Using gravel to set fence posts is a popular option used by many homeowners. Unlike concrete, gravel is easily permeable and drains well. Posts set in gravel are less likely to shift if the ground freezes and are much simpler to remove, should you decide to. Pea gravel has a greater tendency to shift and settle than sharper-edged varieties of gravel, however, shifting and settling can be prevented by combining the gravel with soil. The addition of soil helps to fill the spaces between the gravel pieces, forming a rigid base for your fence post.
Things You'll Need
- Measuring tape
- Post-hole digger
- Spade or shovel
- Pea gravel
- Scrap 2-by-4
- Carpenter's level
Calculate the necessary depth of the post hole by adding six inches to the length of the buried portion of the post. Measure the width of the post. Calculate the diameter of the post hole by multiplying the diameter of the post by three. Note the calculated depth and diameter of the post hole.
Dig the post hole, using a post-hole digger, to the calculated dimensions. Shovel about three inches of gravel into the hole. Add two shovelfuls of soil to the top of the gravel. Add water until the water is just above the top of the gravel and soil. Tamp the wet soil and gravel with a piece of scrap lumber. Allow time for the water to settle. Add more gravel, soil and water, then tamp. Continue until the depth of the hole is equal to the buried length of the post. The foundation for your post will be nearly solid and semipermeable.
Position the post vertically in the center of the hole. Ask an assistant to hold the post upright as you shovel five or six inches of gravel around the base of the post. Lay a carpenter's level along one side of the post. Lean or reposition the post so it is plumb. Repeat to check and plumb an adjacent side of the post. Your assistant will hold the post vertically as you reinforce its foundation with gravel and soil.
Distribute a couple of shovelfuls of soil around the gravel in the hole and add water. Tamp to settle the soil between the gravel particles. Repeat until the post hole is back-filled to ground level.
Tips & Warnings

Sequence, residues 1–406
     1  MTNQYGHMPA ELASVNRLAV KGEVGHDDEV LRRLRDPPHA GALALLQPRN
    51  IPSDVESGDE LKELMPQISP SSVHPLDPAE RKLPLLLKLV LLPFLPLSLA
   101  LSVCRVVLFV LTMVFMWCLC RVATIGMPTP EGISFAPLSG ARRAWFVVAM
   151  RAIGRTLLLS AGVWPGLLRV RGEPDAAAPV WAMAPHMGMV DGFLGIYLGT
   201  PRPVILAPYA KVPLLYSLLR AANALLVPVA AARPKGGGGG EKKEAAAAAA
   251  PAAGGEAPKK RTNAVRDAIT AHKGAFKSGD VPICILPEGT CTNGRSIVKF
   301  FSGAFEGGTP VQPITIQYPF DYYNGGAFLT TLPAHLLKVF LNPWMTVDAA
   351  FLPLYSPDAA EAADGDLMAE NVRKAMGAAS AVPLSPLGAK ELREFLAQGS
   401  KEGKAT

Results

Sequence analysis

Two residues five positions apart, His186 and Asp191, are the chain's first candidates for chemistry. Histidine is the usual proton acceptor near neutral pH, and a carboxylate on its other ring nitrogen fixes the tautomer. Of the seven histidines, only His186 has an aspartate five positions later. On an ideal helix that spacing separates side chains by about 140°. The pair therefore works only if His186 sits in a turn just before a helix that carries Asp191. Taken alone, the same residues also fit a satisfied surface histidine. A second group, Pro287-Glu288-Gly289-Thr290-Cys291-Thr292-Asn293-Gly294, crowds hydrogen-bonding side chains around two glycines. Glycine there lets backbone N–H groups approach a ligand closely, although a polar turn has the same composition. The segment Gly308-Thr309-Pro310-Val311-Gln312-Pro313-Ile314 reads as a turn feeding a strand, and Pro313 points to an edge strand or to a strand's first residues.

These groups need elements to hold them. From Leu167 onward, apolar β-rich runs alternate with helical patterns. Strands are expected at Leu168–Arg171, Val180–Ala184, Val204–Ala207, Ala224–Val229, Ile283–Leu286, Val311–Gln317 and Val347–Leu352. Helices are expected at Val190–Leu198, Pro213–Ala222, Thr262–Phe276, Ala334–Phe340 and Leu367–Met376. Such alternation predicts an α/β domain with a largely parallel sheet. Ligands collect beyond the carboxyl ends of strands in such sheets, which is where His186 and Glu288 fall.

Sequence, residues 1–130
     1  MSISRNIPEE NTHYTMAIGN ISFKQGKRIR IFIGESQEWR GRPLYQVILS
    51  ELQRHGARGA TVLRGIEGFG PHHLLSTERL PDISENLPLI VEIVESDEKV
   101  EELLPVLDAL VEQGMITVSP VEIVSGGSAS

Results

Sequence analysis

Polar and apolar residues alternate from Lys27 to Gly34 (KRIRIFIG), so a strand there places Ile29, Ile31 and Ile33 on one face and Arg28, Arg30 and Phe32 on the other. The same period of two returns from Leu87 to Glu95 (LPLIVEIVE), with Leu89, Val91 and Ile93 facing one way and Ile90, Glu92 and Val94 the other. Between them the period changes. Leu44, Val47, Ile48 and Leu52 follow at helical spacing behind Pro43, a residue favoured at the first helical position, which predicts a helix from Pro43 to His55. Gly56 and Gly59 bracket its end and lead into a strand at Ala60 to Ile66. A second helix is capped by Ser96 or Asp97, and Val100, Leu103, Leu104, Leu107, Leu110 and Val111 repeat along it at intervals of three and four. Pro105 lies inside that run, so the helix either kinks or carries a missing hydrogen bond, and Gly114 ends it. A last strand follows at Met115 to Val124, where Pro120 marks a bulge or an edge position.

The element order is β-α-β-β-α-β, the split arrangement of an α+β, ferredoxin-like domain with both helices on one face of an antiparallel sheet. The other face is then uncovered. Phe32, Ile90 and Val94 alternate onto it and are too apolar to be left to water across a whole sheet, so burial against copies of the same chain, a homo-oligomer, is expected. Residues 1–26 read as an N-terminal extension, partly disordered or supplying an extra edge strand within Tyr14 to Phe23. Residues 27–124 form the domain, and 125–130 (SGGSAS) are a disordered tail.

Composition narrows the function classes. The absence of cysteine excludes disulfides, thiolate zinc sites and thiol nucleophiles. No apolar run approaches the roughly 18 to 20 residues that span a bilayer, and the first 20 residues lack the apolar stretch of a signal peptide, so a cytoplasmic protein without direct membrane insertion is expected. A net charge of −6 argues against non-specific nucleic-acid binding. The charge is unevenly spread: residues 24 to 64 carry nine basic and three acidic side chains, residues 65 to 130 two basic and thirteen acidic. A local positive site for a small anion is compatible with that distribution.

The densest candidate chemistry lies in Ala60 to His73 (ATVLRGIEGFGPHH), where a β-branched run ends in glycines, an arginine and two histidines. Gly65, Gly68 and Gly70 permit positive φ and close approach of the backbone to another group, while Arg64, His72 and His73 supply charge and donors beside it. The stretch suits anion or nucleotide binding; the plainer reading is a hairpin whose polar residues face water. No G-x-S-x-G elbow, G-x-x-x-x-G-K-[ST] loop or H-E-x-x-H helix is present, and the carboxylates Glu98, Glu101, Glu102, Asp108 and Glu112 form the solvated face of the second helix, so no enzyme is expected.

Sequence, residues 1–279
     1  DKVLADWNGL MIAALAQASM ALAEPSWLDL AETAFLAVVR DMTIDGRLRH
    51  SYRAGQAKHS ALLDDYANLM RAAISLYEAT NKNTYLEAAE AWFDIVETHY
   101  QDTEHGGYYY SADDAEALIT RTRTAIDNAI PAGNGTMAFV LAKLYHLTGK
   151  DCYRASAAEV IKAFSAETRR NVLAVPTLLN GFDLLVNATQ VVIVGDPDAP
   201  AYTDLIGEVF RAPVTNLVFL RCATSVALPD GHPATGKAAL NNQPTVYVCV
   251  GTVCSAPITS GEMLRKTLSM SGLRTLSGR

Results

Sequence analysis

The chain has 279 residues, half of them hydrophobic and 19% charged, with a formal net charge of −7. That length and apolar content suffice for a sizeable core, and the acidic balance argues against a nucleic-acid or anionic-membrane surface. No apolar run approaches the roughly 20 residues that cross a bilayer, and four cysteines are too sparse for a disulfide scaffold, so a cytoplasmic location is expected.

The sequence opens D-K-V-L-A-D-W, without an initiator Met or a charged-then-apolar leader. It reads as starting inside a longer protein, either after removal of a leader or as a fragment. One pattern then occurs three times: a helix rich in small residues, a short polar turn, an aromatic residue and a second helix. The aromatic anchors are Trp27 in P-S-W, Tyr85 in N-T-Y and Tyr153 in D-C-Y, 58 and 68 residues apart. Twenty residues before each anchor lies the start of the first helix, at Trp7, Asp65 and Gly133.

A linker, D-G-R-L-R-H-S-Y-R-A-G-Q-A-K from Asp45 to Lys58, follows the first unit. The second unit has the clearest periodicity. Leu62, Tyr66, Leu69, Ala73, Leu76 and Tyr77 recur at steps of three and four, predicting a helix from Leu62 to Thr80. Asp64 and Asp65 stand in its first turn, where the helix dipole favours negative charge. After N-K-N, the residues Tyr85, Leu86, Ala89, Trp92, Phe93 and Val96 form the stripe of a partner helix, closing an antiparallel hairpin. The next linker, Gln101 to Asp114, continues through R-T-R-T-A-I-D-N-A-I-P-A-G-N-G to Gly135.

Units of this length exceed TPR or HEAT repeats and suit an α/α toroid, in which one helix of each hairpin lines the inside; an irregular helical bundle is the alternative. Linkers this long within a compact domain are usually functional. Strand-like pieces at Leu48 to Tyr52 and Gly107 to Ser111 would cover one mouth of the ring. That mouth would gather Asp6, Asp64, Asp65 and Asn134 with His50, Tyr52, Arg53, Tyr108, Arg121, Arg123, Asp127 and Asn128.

- When installing fence posts, a minimum of one-fourth of the overall length of the post should be buried in the ground. To calculate the overall length of the fence post, multiply the aboveground height of the post by 1.33.
- For gate posts one-third of the length of the post should be buried underground. To calculate the overall length of the fence post, multiply the aboveground height of the post by 1.50.
- Pea gravel, with rounded surfaces, does not compact as tightly as sharp-edged varieties of gravel such as crushed granite.
- Photo Credit Jupiterimages/Photos.com/Getty Images
How to Install a Pea Gravel Driveway
Pea gravel is a green, eco-friendly alternative to traditional concrete or asphalt drives. According to European Stone Inc., the cost is much...
How to Remove Pea Gravel
Pea gravel, a mixture of 3/8- to 3/4-inch rocks that have been crushed and rounded, is commonly used as a landscaping tool....
How to Mix Sakrete in a Post Hole
If you need to secure a post, your best option may be using a bag of premixed concrete to avoid the hassle...
How to Set Fence Posts Using Pea Gravel
One factor when installing fence posts is to provide drainage so that water does not rot the bottom of the posts. The...
How to Install a Hot Tub Base Using Pea Gravel
Using pea gravel as a base for your hot tub has some distinct advantages. From an aesthetic standpoint, gravel can complement a...
How do I Set Fence Posts in Gravel?
Setting fence posts properly is the best way to ensure the stability of the entire structure. There are several correct approaches, including...
What Size Gravel to Backfill Fence Posts?
Gravel is a common backfilling for fence posts and comes in a variety of types. Some gravel comes mixed with sand to...